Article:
When David and Linda Trevelino’s son Andrew enlisted in the U.S. Navy and was posted to a nuclear submarine, he told his parents that he slept on top of a torpedo.
At first, Linda thought Andrew was joking, but then she and David toured the World War II-era USS Torsk moored in Baltimore’s Inner Harbor and she realized that he wasn’t. Submariners’ bunks — called racks — are indeed on top of torpedoes.
“My wife started to cry when she saw that,” David said.
Then the couple headed to the sub’s galley and it was David’s turn to cry.
“Oh, my God,” David said, remembering the moment he caught sight of the sub’s spartan kitchen. “I don’t know how they do it.”
David Trevelino, right, and his son, Andrew , in the galley of the USS Chicago, a nuclear submarine stationed in Guam. David is executive chef at the TPC Potomac at Avenel Farm. Andrew is a culinary specialist on the Chicago. (Photo courtesy of David Trevelino/Photo courtesy David Trevelino)
David is the executive chef at the TPC Potomac at Avenel Farm, the ritzy golf club in Montgomery County, Md. He works in a setting that bristles with the latest technology, including a programmable oven that can cook any piece of meat to perfection.
His son Andrew, 27, is a culinary specialist on the USS Chicago. He works in a setting that bristles with the latest technology, too, capable of raining death and destruction on an unsuspecting enemy.
And because a nuclear submarine is a mighty weapon, it’s not something you want to leave unattended. On Christmas you can’t just turn off the lights and lock the door. There’s always a crew aboard, even on Dec. 25.
Three years ago, when David and Linda were preparing to visit their son during the holidays at the sub’s home port in Guam, Andrew asked if his dad could cook dinner for the 50 crew members who would pull duty on Dec. 25.
David decided to do even more: breakfast, lunch and a gourmet dinner on Christmas plus a New Year’s Eve party ashore for the entire crew and their families. (Many have spouses and children living on Guam.)
That first year, 2014, TPC Potomac members donated $21,000 to pay for all the food and the Trevelinos’ transportation and lodging. This year, David raised twice that.
In all, he’ll prepare nearly 500 meals. All the supplies have to be flown in, frozen, but David can still make them mouthwatering. Christmas lunch will feature Kobe beef hamburgers and homemade french fries. Dinner is filet mignon with lobster bisque. For New Year’s Eve at Guam’s Top o’ the Mar club, David will prepare a banquet that includes snow crab claws, 24-ounce cowboy steaks, seafood stew, and mac and cheese.
Cooking on a sub is a challenge, David said: not a lot of room, no refrigeration and all cooking surfaces heated by steam, not gas or electricity.
“That was new to me,” David said. Somehow, he makes it work.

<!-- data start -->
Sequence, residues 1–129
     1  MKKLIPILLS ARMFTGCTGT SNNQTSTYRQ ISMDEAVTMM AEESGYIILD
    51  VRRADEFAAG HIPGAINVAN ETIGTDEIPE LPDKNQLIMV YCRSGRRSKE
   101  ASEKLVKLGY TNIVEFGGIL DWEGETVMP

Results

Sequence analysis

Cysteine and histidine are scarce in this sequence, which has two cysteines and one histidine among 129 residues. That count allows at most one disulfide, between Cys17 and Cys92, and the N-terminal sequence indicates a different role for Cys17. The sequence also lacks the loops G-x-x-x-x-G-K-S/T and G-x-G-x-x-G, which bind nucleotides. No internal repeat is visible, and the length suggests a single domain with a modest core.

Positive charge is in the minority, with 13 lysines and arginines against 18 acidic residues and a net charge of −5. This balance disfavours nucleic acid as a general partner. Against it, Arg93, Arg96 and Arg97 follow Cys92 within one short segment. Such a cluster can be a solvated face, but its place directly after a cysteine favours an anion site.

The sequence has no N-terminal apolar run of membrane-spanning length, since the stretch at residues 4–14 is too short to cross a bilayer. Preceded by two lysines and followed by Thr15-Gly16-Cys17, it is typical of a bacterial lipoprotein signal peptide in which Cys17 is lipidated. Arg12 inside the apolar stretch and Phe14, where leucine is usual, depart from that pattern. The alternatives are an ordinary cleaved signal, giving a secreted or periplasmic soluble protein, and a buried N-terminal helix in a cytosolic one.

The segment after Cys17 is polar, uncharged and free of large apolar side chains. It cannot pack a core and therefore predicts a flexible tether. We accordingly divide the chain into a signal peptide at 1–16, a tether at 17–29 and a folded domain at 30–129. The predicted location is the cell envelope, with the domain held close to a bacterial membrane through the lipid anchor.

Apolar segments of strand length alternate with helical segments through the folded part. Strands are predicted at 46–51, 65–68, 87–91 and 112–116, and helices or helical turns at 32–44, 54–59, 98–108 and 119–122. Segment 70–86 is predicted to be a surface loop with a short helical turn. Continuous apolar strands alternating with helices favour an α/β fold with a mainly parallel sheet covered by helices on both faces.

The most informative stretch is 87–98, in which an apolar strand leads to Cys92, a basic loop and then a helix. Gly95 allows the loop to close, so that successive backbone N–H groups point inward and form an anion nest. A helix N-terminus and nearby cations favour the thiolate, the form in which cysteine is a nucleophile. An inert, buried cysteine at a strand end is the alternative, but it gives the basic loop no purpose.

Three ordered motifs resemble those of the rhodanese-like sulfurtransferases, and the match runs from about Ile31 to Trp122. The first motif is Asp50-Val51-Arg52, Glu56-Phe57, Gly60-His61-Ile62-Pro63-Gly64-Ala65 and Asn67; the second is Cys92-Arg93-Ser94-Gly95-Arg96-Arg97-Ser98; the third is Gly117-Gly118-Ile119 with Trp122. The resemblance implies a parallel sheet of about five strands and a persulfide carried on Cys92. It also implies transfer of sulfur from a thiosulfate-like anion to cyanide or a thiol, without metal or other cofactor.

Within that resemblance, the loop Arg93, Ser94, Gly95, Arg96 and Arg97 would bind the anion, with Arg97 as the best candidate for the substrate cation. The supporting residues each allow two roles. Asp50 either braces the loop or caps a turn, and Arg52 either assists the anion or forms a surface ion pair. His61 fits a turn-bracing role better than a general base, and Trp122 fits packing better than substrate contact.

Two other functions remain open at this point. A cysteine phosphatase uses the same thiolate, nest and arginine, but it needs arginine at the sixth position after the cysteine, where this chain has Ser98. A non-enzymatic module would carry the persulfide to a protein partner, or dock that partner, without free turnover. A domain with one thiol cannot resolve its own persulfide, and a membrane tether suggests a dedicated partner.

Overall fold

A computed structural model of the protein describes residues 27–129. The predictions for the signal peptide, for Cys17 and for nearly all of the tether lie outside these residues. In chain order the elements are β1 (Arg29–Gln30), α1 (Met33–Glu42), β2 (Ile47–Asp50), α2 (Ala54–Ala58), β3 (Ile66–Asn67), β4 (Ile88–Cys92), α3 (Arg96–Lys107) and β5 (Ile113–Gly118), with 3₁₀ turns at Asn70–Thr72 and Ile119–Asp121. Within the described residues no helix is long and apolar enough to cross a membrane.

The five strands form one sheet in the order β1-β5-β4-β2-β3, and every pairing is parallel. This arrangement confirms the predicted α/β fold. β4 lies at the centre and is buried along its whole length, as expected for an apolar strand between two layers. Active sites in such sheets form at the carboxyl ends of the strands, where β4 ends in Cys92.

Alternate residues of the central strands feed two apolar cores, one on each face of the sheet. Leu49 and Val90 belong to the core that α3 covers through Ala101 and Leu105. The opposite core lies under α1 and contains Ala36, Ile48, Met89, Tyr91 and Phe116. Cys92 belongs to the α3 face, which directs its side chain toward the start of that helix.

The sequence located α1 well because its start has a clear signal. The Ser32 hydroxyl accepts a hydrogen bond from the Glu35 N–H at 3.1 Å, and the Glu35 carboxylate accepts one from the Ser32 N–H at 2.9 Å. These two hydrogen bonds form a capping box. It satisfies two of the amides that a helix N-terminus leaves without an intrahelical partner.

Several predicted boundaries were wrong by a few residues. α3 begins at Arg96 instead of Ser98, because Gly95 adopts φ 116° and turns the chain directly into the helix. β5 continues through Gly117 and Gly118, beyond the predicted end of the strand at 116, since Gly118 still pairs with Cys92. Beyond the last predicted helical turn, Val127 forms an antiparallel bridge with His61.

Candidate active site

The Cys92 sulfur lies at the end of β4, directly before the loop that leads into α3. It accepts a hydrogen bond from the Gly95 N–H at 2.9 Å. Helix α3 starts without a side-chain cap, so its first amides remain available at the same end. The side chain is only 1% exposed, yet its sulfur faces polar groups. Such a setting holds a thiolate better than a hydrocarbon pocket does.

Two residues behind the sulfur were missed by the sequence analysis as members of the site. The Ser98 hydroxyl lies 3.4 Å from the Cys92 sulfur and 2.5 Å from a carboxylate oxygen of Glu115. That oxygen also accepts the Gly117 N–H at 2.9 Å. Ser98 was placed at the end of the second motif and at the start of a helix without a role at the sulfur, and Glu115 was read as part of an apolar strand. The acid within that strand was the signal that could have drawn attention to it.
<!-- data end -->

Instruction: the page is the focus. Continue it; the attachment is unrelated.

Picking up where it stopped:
The crew does a bit of holiday decorating. “They have a little Christmas tree in the corner, kind of like a little Charlie Brown tree,” David said. “It’s kind of cool, but in the same way, it’s kind of sad.”
David said he has a new appreciation for the sacrifices our service members make. Last year the USS Chicago was the busiest sub in the fleet, with more deployments — underways, they’re called — than any other.
The crews’ families miss them on Christmas. They feel good knowing a chef has made them dinner — and then posted photos on Facebook.
“I have a lot of parents of the younger kids send me thank-yous because they don’t get to see their sons a lot,” David said.
One of the highlights for David is spending Christmas night aboard the Chicago, snug in a rack like his son. Don’t you worry that war might break out while you’re on the sub and you’ll wake up to find it underway, I asked. “For them to get going and get out of port takes a couple hours, so I don’t worry about that,” David said. “For me, I think it would be pretty cool to be on it, to be honest with you.”
I bet the crew would agree.


Saturday, December 10, 2016

2016 Seattle Base Holiday Luncheon

On Saturday, December 3, 2016 USSVI Seattle Base submarine veterans, family, and guests gathered at the Meydenbauer Bay Yacht Club in Bellevue for our annual holiday luncheon.

The day started with the social hour, which gave us a chance to catch up with shipmates we have not seen for a while, share our exploits from the past year, and to look at some of the submarine memorabilia on display.

We then moved to the dining room for opening remarks and lunch.

After lunch, our new Senior Vice Commander, Carl Miner, presented the Shipmate of the Year Award to Dick Gonzalez. Dick was key to the successful operation of the base this year. He helped with all our base events, including organizing the Bangor sub base tour, and meetings.

With the award presented, the floor was then opened for sea stories and holiday remembrances. The microphone was passed around and we heard some old favorite stories, along with a few new tales.

We all had a good time at the luncheon and special thanks goes out to everyone who helped organize and setup the event. It is always good to see all our shipmates and get a start on the holiday season with them. We didn't get photos of everyone at the event (some of you avoided the camera), but I hope you enjoy the photos below.
Social time in the sun room